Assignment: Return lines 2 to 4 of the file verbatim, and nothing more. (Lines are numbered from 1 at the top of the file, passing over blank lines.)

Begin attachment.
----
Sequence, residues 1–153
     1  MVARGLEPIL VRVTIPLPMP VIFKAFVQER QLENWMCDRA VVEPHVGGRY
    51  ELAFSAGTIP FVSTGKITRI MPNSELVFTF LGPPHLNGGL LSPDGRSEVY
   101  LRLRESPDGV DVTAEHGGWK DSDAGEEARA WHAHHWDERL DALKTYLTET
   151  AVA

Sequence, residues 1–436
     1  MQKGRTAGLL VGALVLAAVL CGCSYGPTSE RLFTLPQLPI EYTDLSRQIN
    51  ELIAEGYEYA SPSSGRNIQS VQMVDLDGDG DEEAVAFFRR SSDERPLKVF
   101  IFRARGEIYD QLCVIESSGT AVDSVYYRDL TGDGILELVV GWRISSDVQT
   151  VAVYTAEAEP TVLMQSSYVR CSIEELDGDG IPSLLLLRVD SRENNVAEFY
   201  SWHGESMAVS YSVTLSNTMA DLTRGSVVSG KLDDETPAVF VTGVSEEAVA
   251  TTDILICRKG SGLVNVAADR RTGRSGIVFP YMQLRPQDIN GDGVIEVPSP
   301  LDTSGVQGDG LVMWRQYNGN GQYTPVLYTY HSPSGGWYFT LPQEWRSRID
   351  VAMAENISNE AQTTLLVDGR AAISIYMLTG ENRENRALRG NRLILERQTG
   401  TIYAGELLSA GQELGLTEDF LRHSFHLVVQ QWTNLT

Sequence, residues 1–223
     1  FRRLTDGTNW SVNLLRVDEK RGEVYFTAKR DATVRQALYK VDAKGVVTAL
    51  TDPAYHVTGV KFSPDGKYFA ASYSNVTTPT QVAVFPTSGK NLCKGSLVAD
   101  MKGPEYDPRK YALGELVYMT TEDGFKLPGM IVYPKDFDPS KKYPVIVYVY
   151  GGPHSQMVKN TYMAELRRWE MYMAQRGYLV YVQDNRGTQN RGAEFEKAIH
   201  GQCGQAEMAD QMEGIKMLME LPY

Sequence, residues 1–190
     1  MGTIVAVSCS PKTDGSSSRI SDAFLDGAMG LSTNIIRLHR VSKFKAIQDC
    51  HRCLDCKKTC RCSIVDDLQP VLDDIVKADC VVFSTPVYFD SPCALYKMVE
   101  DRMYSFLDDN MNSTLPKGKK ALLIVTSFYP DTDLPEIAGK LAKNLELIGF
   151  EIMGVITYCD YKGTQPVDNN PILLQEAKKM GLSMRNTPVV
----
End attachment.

     1  MVARGLEPIL VRVTIPLPMP VIFKAFVQER QLENWMCDRA VVEPHVGGRY
    51  ELAFSAGTIP FVSTGKITRI MPNSELVFTF LGPPHLNGGL LSPDGRSEVY
   101  LRLRESPDGV DVTAEHGGWK DSDAGEEARA WHAHHWDERL DALKTYLTET